Three Ways To Play It Safe This Independence Day
July 4th is usually about three things—food, family, and fireworks! While the festivities can be thrilling for kids of all ages, unfortunately it’s also a holiday that sees an uptick in insurance claims. Below are the most common Independence Day risks—and tips for playing safe.
1. Keep Your Grill Clean And Free From Nearby Structures
Nothing says July 4th like potato salad, coleslaw—and of course BBQ’ed delights. However, according to the U.S. Fire Administration, improper grill methods are one of the leading causes of fire, property damage, and injury. Failure to clean the grill is one of the main reasons grease fires start—so keeping the grill clean is the first step towards cooking outdoors safely. The U.S. Fire Administration also recommends only using a grill outside, keeping a 3-feet clear safe zone around the grill so nothing is at risk of catching fire, and never leaving a grill unattended. For gas grills, it’s also important to open the grill cover before lighting and to check between the propane tank and fuel line for any leakages. For charcoal grills, it’s important not to add lighter fluid to an already lit grill. After you’re done grilling, douse coals with water afterwards and place them in a can with a metal lid after they have cooled. Whatever kind of grill you’re using, wear tight-fitting clothes to ensure your red, white, and blue attire won’t catch fire.
While grilling meat isn’t necessarily more of a fire risk than grilling vegetables, meat grilled at very high temperatures does pose a potential cancer risk. Chemicals known as PAHs and HCAs are formed when meat is cooked over high temps and—in the case of PAHs—when fat drips onto the flames and creates smoke. While there are no current federal guidelines for reducing PAH and HCA exposure, the National Cancer Institute suggests grilling meat above the flame, not directly in the fire. NCI also suggests grilling meat for short periods of time at temps below 300°F and to keep fat from dripping on the flames. NCI proposes removing charred portions of meat before eating and continuously flipping meat to avoid overcooking or burning. Or better yet, one can opt for a completely plant-based Fourth of July grill feast, as grilled vegetables pose no HCA risk.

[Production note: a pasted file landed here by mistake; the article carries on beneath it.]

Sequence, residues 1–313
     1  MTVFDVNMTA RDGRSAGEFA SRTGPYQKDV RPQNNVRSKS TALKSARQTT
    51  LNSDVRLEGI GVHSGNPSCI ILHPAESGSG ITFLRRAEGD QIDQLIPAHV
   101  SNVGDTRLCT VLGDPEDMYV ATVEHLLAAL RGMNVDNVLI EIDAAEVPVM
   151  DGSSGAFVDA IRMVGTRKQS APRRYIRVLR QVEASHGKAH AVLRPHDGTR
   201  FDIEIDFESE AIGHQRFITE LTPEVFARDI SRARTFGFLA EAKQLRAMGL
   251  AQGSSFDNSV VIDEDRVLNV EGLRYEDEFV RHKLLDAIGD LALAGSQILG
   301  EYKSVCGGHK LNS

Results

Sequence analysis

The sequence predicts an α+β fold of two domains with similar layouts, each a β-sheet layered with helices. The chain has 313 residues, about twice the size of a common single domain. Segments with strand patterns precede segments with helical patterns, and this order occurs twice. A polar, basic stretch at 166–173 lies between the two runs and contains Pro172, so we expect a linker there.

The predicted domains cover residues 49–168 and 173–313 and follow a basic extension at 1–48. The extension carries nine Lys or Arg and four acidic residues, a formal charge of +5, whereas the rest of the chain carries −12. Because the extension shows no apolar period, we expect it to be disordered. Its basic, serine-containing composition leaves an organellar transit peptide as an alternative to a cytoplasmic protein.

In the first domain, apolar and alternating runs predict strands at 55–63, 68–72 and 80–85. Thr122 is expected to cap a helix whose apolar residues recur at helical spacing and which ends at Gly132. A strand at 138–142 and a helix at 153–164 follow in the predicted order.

2. Don’t Drink (Or Boat) And Drive
Celebrating July 4th with friends and family is always a fun way to enjoy the holiday. But if that celebration mixes alcohol and driving, the results can be devastating. According to the Insurance Institute For Highway Safety, July 4th has the highest number of traffic fatalities compared to any other day of the year—averaging 127 deaths in one day. So if you are driving to a friend or family’s house to celebrate, it’s best to opt for non-alcoholic summertime drinks such as an Arnold Palmer (lemonade and iced tea), cherry limeade, or club soda with fresh strawberries. Or if you are enjoying those holiday “spirits,” plan to call a cab or spend the night where you are celebrating.
July 4th also sees a surprising uptick in boating/drowning accidents—also usually due to alcohol consumption, inexperience with operating a boat, and lack of safety precautions. The American Boating Association called July 4th “the busiest and often deadliest time in boating season.” So while it might seem obvious, if you are operating a water vehicle, don’t drink alcohol. Also make sure that whoever is captaining the boat is experienced both in boat operation and safety procedures, and that everyone on board—especially children—is wearing a life jacket, as nearly 80% of those who die in boating accidents were not wearing a life vest. Operate the boat slowly through crowded waters and never swim near a boat that has the motor running.
3. If You Must Light Up, Do So On Flat, Hard Surfaces
It wouldn’t be Fourth of July without fireworks and sparklers lighting up the sky. However, according to the U.S. Consumer Product Safety Commission, about 280 people go to the emergency room every day in the days surrounding July 4th due to fireworks-related injuries. That’s why the U.S. Fire Administration strongly recommends avoiding lighting fireworks altogether and leaving the sparks to the pros.
However, if you must set off a few fireworks it’s important to first check to see which (if any) fireworks and firecrackers are legal in your area. If they are legal, have a fire extinguisher, hose, or bucket of water on hand to douse any out-of-control flames. You should also place any used fireworks into the bucket of water to make sure they are completely extinguished before throwing them in the trash. Light fireworks on a hard, flat surface—such as asphalt or concrete—not on grass or in containers. Wear safety goggles, never point a firework at someone, and don’t try to re-light or pick up fireworks that aren’t fully ignited.
And most obvious of all, never let children ignite or handle fireworks. Keep children at least 30 feet away from any firework that is ignited. Even tame-seeming sparklers are dangerous, as temperatures can reach over 2,000°F and injure people—including children—every year.
While many people will enjoy July 4th without accident or injury, there’s always an increased risk when fire, explosives, alcohol, and motorized vehicles are part of the festivities. But with a little knowledge and planning, you will greatly increase your chances of having a safe—and healthy—holiday.
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